The federal treasury is set to spend $7.5 billion over a decade to help fund child-care spaces across the country, with the money flowing through one-on-one agreements with provinces.

WATCH: A look at child care costs across Canada in 2016






The first three years of spending will be $1.3 billion and potentially create or maintain 40,000 subsidized spaces, a target the Liberals say is on its way to being achieved. Once the three years are up – after this year’s federal election – new funding deals will have to be signed.

David Macdonald, a senior economist at the Canadian Centre for Policy Alternatives, said he expected that government policy aimed at lowering fees will lead to an overall decrease in prices for the first time in five years.

“For the survey that we’ve been doing, it’s just been fees going up every year, year after year, far more than the rate of inflation and we’re seeing fees actually start to go in reverse in a couple of the provinces,” Macdonald said.

He says the initial federal spending appears to have helped provinces moving to regulate the prices parents pay for child care.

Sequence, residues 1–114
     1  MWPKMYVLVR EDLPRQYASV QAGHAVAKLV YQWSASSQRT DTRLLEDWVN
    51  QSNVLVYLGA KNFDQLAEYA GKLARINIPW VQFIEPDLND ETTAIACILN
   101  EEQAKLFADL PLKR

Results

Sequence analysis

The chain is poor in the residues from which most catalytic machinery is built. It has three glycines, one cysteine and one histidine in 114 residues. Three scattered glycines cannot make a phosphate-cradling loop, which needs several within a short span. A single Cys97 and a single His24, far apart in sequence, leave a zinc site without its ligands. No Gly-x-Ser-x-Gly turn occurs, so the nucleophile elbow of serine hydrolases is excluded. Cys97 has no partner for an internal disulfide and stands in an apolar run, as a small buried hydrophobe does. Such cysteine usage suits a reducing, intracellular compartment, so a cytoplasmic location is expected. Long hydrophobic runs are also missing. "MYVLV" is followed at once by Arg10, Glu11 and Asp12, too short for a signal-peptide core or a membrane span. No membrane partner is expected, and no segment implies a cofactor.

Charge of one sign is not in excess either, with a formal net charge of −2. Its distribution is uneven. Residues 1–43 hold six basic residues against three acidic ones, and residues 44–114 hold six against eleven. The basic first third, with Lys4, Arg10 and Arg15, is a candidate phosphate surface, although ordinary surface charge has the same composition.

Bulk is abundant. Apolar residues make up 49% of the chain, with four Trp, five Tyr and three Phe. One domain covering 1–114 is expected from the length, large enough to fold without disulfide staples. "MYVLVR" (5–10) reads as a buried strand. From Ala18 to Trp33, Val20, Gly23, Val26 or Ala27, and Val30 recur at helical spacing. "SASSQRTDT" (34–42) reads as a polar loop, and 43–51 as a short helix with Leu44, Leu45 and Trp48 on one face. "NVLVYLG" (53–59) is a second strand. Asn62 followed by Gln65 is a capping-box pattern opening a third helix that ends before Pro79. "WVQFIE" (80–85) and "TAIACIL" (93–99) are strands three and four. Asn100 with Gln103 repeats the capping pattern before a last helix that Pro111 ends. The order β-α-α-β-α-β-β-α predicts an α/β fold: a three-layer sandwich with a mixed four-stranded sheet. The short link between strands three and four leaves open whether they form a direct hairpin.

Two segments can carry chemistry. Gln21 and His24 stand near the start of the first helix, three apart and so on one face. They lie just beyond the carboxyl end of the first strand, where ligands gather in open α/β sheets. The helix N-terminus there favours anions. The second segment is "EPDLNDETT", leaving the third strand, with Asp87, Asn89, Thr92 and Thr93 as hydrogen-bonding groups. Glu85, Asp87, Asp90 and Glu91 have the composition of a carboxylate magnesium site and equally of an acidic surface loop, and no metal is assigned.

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The federal Liberals didn’t expect provinces to set lower fees when it signed funding agreements with all of them last year, but did envision that provincial governments – which are responsible for child care – would find ways to make daycare more affordable for those who need it.

A set-fee regime in St. John’s, N.L., led to a 13-per-cent decline in the fees parents pay, the report says, even though the costs still remain similar to those found in Ottawa, where the rates are set by the market. Reductions were also noted in Edmonton where the provincial NDP has rolled out government-supported $25-a-day daycare.

“There’s a measurable effect,” Macdonald said of federal funding.

“While federal money is certainly flowing out, it in all cases supported pre-existing provincial efforts. So it’s not that the federal money initiated those efforts – the provinces initiated those efforts usually several years prior to the federal bilateral agreements being signed.”

WATCH: More than 40% of kids live in ‘child-care deserts,’ study says






Other provinces are using federal funding towards other efforts, such increasing subsidies for low-income families, Macdonald said, although the impacts won’t be captured in the centre’s survey of what providers charge.